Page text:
Wednesday, November 30, 2011

Radar Expert Wins Science Achievement Award - A Michaelian

World class innovation to shield Defence ships and aircraft from radar surveillance has earned a DSTO scientist a prestigious Australian award for achievement in defence science.

L to R: Minister for Defence Science and Personnel Warren Snowdon, Minister's Award for Achievement in Defence Science 2011 awardee Cheng Anderson, Secretary of the Department of Defence Duncan Lewis.
L to R: Minister for Defence Science and Personnel Warren Snowdon, Minister's Award for Achievement in Defence Science 2011 awardee Cheng Anderson, Secretary of the Department of Defence Duncan Lewis.
Minister for Defence Science and Personnel Warren Snowdon has presented the 2011 Minister's Award for Achievement in Defence Science to Cheng Anderson for her pioneering role in reducing the vulnerability of Australia’s Defence platforms over three decades.
Mr Snowdon said Dr Anderson is the principal architect of a world leading capability that allows the Australian Defence Force to predict, measure and reduce the visibility of its ships and aicraft to radar systems.
“Before Dr Anderson began her work thirty years ago Defence only had a limited capability to protect its assets adequately.
“Dr Anderson’s work has been vital in improving the stealth capabilities and ensuring the survivability of our military aircraft, ships and land vehicles,” Mr Snowdon said.
The work has involved the development of computer models to predict a platform’s visibility to radar, known as the radar cross section. The cross section can also be measured experimentally validating the computer model predictions.
Mobile radar cross section analysis equipment used by Cheng and her team.
The resulting information makes it possible to know where treatment should be applied to reduce a platform’s cross section.
“These are significant developments in self-protection for Defence assets and I congratulate Dr Anderson for her foresight and technical achievements,” Mr Snowdon said.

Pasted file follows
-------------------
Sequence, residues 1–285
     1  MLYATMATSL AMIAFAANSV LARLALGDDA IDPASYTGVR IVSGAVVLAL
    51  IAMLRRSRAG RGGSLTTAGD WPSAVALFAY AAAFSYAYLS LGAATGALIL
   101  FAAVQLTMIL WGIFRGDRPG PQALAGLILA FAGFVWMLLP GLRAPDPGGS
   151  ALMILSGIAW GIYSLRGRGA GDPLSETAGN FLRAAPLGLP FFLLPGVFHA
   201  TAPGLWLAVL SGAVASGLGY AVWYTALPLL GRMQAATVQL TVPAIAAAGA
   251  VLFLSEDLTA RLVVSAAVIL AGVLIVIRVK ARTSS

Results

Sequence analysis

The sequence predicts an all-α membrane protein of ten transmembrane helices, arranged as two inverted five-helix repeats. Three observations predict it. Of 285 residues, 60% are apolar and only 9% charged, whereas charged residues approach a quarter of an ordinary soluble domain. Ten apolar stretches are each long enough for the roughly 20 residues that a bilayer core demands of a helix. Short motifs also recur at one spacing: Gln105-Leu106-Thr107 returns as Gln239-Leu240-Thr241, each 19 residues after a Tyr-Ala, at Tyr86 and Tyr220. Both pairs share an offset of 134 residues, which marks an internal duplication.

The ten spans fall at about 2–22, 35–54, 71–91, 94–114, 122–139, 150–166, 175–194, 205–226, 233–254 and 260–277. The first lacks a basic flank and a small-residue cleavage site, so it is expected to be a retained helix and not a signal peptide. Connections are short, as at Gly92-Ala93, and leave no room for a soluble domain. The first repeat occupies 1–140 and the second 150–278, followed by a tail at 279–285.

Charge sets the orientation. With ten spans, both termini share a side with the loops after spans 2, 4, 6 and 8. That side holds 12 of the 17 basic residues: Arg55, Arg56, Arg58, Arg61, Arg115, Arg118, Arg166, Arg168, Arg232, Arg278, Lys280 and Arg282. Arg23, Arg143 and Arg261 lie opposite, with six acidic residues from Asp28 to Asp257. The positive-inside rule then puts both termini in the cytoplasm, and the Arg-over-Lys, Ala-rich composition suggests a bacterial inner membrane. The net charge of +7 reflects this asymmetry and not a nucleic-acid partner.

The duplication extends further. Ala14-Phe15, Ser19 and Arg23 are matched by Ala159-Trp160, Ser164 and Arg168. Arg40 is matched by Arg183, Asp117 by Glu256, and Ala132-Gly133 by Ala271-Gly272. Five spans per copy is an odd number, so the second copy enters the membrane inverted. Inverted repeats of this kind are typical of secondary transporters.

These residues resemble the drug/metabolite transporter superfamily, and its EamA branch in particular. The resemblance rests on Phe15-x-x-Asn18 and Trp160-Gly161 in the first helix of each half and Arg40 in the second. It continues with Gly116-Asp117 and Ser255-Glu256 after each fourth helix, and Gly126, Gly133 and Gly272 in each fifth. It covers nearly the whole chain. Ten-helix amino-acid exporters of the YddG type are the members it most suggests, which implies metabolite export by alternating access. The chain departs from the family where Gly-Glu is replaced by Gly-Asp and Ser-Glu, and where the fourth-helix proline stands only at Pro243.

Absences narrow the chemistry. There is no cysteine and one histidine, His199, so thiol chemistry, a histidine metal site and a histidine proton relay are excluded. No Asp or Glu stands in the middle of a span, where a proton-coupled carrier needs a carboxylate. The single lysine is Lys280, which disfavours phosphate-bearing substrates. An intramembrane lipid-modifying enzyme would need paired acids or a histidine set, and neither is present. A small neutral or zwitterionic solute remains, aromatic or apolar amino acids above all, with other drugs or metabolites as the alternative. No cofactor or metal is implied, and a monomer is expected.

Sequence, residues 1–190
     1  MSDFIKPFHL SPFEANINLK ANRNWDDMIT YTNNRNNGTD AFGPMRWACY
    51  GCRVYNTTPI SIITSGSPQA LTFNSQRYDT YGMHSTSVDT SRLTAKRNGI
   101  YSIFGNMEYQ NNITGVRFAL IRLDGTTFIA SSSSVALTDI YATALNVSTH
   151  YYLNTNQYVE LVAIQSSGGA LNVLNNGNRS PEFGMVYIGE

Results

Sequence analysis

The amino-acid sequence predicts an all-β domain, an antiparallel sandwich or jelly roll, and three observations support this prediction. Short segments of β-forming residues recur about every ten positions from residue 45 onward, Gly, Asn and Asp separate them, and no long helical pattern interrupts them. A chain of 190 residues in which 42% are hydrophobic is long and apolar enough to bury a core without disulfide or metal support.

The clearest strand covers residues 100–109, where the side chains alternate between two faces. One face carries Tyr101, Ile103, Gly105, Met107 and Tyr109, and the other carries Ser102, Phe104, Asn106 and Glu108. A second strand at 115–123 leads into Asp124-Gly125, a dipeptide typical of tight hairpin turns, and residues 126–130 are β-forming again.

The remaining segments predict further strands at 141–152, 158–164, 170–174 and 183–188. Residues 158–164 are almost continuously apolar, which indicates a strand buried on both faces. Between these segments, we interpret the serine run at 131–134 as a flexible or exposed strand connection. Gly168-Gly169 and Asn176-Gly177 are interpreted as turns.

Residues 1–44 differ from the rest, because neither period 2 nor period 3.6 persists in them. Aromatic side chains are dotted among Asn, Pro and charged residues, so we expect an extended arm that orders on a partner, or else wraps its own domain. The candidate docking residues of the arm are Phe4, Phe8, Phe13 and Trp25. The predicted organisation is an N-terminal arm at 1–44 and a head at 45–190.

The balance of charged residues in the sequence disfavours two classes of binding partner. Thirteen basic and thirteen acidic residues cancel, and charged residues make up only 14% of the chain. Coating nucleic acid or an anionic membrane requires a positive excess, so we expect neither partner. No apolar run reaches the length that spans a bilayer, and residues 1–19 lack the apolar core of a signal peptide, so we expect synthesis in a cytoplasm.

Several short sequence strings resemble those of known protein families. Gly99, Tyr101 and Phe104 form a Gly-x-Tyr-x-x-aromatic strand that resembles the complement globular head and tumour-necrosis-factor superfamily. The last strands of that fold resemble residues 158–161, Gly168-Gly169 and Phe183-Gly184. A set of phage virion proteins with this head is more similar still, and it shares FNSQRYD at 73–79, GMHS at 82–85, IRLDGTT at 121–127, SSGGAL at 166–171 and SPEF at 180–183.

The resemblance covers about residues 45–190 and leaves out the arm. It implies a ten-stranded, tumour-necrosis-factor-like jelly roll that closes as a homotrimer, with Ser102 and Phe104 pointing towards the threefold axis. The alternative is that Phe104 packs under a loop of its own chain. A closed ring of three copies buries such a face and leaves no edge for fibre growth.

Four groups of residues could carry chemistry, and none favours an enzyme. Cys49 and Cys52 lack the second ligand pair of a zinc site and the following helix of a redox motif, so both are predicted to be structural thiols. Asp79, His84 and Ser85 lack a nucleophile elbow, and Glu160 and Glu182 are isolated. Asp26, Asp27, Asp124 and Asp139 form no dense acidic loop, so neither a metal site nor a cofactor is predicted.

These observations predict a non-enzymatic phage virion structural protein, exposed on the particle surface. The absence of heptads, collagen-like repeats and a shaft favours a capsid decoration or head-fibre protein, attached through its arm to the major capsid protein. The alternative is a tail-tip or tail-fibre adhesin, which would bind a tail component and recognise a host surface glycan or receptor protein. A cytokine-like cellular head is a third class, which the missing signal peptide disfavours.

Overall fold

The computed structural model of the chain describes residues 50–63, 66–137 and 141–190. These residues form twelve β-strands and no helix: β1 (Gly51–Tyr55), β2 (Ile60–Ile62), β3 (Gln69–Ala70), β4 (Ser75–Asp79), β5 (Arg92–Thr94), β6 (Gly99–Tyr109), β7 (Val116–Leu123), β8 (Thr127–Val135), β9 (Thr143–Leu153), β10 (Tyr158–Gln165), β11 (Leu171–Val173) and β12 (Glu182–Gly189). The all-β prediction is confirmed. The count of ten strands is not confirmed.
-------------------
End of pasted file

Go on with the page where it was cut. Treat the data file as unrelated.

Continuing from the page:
“I would also like to thank Dr Anderson on behalf of all Defence personnel for her hard work, which will save lives, while improving the capability and efficiency of our defence forces.”
“This award recognises the rare distinction of an individual scientist being solely responsible for establishing a critical defence capability,” he said.
“Dr Anderson has been extremely focussed and successful in applying this capability in the maritime, air and land environments as well as in key areas such as support to operations, through-life support of existing platforms, and acquisition projects.”
Dr Anderson is the second female scientist to have won the Minister’s Achievement Award since Dr Jackie Craig in 2001.
The Minister’s achievement award has been presented annually since 1988 to a DSTO scientist who has made an outstanding scientific contribution to enhance Defence effectiveness and efficiency. The award includes a $15,000 cash prize.

Source: Defence Science and Technology Organisation (DSTO)

Note from the Editorial: 
The article is published following an e-mail which came from a fellow Michaelian, Sam Han, who currently resides in New Zealand. Thanks Sam.

Dr Cheng Anderson was studying at Ipoh Main Convent before joining us at SMI in her A-level (1964 & 1965). She is a brilliant student, especially good in her Mathematics and Physics. She went to Perth for her varsity study and post graduate in Adelaide before joining The Australian Defense Centre for her research. Since she was from SMI, is it possible for you to acknowledge her great achievement in SMI website? I'm sure we are very proud of her achievement and hopefully, it will be some inspiration to those younger Michaelians. From Sam Han, QueenstownNew Zealand.

We take our hats off to Dr Cheng, a fellow Michaelian, for this outstanding accolade. Our heartiest congratulations. This achievement will definitely inspire our students to work even harder. St Michael's is proud of your hardwork and determination. By Peter Khiew

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